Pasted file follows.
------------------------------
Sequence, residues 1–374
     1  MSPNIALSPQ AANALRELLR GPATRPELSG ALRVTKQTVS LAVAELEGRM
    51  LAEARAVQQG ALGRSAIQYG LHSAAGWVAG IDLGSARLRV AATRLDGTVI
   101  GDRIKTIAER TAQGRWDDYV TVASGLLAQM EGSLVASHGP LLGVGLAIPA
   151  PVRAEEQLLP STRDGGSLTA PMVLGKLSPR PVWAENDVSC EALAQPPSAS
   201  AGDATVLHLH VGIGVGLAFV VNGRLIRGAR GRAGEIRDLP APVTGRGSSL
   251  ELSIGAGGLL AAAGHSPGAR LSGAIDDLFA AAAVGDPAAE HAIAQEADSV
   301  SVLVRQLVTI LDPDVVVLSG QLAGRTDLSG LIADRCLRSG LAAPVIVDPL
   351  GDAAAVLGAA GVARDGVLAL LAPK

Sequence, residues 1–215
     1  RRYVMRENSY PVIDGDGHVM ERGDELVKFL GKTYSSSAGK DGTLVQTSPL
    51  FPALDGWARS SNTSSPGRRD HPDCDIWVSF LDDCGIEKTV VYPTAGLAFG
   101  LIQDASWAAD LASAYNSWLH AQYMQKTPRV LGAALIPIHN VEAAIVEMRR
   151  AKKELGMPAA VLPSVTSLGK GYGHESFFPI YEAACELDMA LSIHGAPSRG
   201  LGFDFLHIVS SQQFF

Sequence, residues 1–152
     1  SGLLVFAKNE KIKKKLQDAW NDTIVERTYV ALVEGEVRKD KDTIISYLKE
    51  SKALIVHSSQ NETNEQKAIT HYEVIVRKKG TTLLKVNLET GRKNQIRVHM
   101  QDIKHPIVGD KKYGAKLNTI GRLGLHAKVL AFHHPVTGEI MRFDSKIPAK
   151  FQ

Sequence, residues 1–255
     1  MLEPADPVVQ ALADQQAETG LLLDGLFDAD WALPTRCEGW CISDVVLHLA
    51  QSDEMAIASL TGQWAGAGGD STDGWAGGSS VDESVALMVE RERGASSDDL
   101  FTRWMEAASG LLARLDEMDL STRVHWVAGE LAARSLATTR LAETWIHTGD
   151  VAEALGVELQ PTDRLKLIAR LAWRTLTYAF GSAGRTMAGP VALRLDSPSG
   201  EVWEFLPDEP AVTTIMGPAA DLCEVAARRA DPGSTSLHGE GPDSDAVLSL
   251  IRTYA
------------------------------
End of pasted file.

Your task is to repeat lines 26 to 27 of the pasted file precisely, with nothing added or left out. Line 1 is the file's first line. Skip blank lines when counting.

   201  EVWEFLPDEP AVTTIMGPAA DLCEVAARRA DPGSTSLHGE GPDSDAVLSL
   251  IRTYA